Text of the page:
Allahabad High Court Grants Anticipatory Bail, Rejecting Non-Payment of Money Under Contract as Ground for Prosecution

LI Network

Published on: 4 August 2023 at 10:30 IST

The Allahabad High Court recently emphasized that mere non-payment of money under a contract cannot be a basis for criminal prosecution of a party to the agreement. Additionally, the court clarified that this cannot be a ground to deny anticipatory bail to the accused person.

Justice Subhash Vidyarthi’s bench granted anticipatory bail to Vijay Pal Prajapati, who was accused of breaching an agreement related to the sale and marketing of excavated sand.

The court also noted the increasing trend of initiating criminal proceedings to exert pressure on parties involved in commercial transactions, instead of opting for civil proceedings for specific performance of contracts or recovery of money. The court observed that filing FIRs for such purposes was becoming a general practice.

However, the court acknowledged its duty to scrutinize whether there is sufficient material to warrant the incarceration of the accused and determine if the criminal proceedings were genuinely based on offenses or misused to persecute parties involved in an agreement dispute.

The case originated from an FIR filed in July 2021 by Deepak Sharma against four accused, including Vijay Pal Prajapati. Sharma alleged that one of the co-accused demanded one crore rupees from him in 2019 for a government tender related to excavation of sand.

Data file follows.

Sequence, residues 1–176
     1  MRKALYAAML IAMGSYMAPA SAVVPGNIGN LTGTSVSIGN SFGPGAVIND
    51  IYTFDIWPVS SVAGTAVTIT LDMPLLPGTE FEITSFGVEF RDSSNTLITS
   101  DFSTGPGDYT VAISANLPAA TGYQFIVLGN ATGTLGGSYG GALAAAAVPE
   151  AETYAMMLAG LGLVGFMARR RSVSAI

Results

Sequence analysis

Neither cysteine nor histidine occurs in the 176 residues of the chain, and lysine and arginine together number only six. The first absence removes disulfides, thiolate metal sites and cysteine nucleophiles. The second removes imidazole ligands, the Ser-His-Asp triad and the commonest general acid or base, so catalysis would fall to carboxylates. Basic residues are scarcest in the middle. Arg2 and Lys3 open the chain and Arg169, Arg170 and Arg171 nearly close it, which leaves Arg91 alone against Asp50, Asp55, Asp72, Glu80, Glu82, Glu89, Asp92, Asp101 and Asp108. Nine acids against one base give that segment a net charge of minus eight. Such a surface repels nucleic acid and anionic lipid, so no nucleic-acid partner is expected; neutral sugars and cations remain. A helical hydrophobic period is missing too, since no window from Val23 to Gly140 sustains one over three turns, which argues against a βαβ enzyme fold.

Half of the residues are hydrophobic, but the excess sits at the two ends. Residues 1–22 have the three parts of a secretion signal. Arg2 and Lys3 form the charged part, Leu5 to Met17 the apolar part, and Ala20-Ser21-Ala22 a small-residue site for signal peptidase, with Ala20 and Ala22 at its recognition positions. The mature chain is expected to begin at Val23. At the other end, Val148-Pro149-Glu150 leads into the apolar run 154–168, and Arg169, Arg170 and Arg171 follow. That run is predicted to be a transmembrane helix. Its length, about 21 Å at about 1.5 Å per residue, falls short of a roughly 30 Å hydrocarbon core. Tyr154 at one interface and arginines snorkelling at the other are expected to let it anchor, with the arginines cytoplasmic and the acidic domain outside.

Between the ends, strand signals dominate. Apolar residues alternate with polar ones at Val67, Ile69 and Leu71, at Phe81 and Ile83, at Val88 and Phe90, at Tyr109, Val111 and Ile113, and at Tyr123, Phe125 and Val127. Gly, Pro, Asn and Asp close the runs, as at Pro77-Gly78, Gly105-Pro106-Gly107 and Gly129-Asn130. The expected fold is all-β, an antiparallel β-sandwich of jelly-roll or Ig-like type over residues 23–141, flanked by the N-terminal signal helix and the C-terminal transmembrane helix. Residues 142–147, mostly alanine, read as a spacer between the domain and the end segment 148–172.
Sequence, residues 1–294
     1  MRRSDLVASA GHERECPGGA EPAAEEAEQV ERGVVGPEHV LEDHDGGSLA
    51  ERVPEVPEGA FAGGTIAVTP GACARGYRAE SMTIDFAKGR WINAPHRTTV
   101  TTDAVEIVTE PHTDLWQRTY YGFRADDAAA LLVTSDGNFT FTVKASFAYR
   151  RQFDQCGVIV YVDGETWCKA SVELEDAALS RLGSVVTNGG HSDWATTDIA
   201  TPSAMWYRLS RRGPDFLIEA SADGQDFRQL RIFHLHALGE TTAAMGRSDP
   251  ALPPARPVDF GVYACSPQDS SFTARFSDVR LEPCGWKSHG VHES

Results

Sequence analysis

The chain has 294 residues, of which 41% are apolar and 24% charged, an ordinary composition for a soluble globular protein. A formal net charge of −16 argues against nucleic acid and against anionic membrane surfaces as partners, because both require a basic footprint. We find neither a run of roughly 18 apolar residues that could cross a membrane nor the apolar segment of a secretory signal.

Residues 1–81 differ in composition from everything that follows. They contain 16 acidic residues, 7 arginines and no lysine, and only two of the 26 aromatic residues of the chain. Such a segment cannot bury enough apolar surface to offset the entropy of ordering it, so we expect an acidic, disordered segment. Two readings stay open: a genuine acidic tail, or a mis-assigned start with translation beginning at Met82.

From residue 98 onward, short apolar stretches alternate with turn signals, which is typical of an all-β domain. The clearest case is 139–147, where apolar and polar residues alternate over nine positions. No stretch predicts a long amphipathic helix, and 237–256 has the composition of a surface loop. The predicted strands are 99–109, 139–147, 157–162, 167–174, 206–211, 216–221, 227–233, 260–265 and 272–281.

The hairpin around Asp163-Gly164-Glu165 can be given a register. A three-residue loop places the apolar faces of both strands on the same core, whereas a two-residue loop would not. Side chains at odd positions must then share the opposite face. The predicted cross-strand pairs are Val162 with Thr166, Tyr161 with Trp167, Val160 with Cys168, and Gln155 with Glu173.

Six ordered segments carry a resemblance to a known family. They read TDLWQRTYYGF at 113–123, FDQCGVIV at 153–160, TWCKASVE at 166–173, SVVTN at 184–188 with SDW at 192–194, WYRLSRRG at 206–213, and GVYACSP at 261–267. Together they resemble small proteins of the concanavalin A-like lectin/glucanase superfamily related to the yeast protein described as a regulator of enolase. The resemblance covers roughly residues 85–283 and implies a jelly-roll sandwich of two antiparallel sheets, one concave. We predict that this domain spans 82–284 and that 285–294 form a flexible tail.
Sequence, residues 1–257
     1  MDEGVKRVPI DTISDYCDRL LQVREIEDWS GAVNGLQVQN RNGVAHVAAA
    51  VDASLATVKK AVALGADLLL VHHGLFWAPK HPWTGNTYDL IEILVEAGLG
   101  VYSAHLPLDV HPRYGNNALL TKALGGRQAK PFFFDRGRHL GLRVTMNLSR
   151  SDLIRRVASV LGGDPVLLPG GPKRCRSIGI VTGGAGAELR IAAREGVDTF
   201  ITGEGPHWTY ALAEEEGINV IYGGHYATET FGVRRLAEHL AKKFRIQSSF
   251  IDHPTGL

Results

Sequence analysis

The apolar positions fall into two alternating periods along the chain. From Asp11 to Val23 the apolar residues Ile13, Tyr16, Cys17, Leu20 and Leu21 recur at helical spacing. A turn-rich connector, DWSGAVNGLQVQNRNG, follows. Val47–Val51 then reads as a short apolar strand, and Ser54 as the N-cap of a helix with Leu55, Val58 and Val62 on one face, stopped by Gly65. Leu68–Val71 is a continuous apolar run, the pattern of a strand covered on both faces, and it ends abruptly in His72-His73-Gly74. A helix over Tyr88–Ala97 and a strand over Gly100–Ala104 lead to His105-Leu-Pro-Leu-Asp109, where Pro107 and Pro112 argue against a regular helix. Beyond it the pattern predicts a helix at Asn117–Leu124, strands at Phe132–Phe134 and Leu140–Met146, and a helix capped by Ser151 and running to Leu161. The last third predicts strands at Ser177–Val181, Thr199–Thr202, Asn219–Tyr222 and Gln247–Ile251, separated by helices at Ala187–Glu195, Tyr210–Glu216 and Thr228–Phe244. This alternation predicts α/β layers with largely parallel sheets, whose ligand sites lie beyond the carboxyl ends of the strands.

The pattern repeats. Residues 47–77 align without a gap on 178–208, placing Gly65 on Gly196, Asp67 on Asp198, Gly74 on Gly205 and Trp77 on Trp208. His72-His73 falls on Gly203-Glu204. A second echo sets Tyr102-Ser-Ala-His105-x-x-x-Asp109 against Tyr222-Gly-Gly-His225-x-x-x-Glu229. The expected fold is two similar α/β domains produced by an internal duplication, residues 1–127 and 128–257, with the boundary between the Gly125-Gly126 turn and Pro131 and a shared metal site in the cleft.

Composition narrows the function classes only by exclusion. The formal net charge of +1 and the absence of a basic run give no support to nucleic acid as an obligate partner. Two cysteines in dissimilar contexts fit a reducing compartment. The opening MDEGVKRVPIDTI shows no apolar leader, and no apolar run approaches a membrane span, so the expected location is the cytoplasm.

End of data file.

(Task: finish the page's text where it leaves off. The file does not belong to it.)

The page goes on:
Sharma claimed that he transferred 1.6 crores rupees to Prajapati’s firm, and they mutually agreed to distribute investments and profits from the tender among all parties.

Subsequently, a sale and marketing agreement was executed, but Prajapati and the other accused allegedly breached it by marketing excavated sand through their firm. Forgery allegations were also raised against Prajapati.

During the hearing, Prajapati’s counsel argued that the case was a civil dispute over non-payment of money under the agreement and that the matter was already pending before the Commercial Court in Gwalior. He emphasized that the issue of payment and recovery would be addressed in those proceedings.

The court granted anticipatory bail to Prajapati, noting that the offense alleged appeared to be of a civil nature. It also emphasized that mere beneficiary status in an offense does not automatically render the person guilty of forgery. Moreover, no specific allegations of forgery were made against Prajapati in the FIR.

The court further clarified that the dismissal of a Section 482 Cr.P.C. application (under the Criminal Procedure Code) would not bar the consideration of an anticipatory bail application on its merits. Parity, although relevant in granting bail to co-accused with similar charges, cannot be used to reject bail applications.

In conclusion, the Allahabad High Court highlighted the need to distinguish civil disputes from criminal offenses and granted anticipatory bail to Vijay Pal Prajapati based on the lack of allegations of forgery and the civil nature of the dispute.

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